Chinese New Year is celebrated on the first 15 days of the first lunar month, in quite an interesting manner in Malaysia and Singapore. Yusheng, a raw fish salad that has a sweet and tangy taste is tossed in the air. The higher it goes up in the air, the better will be the diner’s fortune for the year.
What’s in the name Yusheng?
Yusheng is very symbolic and the name itself plays on homophones. Yu in Chinese stands for fish however, its pronunciation is akin to the Chinese term for abundance. The literal translation of Yu sheng is “raw fish” but its pronunciation sounds like the phrase meaning “increase in abundance” in Chinese. The dish symbolizes abundance and prosperity.
Raw fish strips and shredded vegetables when seasoned with a variety of sauces and condiments give Yusheng a colourful appearance and an irresistible taste. Even its ingredients carry symbolism based on Chinese sayings such as lime symbolizes luck, peanuts symbolize silver and gold, green radishes symbolize everlasting youth, and white radishes symbolize success in career.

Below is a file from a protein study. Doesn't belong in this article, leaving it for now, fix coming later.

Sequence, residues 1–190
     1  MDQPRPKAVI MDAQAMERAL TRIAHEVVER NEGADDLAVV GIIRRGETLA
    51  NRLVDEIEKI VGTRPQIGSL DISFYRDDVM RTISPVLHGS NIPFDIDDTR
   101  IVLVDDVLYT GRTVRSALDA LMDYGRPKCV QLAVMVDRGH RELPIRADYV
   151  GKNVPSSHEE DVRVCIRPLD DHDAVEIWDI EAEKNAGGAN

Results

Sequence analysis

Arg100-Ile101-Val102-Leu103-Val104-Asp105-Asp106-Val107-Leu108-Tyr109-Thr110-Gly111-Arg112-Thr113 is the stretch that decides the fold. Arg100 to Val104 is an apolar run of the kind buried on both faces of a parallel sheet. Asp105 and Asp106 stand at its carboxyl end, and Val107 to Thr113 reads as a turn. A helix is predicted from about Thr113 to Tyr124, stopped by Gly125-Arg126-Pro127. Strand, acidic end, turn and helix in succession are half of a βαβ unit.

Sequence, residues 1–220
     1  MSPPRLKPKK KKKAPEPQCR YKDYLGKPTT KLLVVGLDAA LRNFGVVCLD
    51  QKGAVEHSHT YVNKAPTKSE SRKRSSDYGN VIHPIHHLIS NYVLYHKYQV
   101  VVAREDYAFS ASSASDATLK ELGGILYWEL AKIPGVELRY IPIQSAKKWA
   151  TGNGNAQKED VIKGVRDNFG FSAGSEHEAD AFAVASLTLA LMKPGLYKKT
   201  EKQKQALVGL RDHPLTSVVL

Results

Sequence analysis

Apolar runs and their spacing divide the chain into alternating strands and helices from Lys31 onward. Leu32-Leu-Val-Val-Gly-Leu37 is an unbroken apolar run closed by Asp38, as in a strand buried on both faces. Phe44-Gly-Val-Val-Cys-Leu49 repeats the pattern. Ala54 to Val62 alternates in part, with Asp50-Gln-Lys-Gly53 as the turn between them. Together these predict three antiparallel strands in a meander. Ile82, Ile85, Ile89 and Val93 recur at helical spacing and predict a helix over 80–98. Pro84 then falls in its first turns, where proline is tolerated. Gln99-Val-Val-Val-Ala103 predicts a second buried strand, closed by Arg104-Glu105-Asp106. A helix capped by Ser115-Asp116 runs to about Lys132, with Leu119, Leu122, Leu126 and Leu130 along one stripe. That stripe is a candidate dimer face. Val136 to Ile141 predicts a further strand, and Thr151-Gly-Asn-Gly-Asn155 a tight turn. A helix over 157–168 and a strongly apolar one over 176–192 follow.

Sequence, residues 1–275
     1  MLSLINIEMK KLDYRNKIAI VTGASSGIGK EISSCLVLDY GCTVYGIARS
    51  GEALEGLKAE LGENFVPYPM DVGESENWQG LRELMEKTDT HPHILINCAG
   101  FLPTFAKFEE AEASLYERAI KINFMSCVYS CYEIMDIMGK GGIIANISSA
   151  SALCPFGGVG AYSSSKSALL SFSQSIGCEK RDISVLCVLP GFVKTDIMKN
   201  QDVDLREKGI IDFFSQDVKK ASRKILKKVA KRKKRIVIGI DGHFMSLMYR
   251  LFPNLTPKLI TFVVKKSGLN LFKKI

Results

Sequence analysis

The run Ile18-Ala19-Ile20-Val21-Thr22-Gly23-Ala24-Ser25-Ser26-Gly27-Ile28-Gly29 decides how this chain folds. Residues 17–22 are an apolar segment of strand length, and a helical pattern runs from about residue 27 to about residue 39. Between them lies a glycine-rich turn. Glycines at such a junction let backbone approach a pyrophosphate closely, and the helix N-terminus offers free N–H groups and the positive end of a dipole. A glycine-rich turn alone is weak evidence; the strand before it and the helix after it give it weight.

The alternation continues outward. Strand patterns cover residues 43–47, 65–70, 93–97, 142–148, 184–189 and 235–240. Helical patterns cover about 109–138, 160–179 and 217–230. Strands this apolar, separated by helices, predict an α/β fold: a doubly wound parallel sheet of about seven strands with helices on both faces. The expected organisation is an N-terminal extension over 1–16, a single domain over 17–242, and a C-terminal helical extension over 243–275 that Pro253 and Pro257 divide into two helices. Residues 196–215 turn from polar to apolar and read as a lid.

And there’s even more to the ingredients…
All the ingredients are added one at a time and every time an ingredient is put into the dish, the person who is preparing the dish says some well-wishing words. And when all the ingredients have been put into the dish, each diner tosses his/her dish into the air while chanting “lo hei” which is a Cantonese phrase conveying a propitious New Year wish. The higher the dish is tossed up in the air, the better the person’s fortune will be for the year.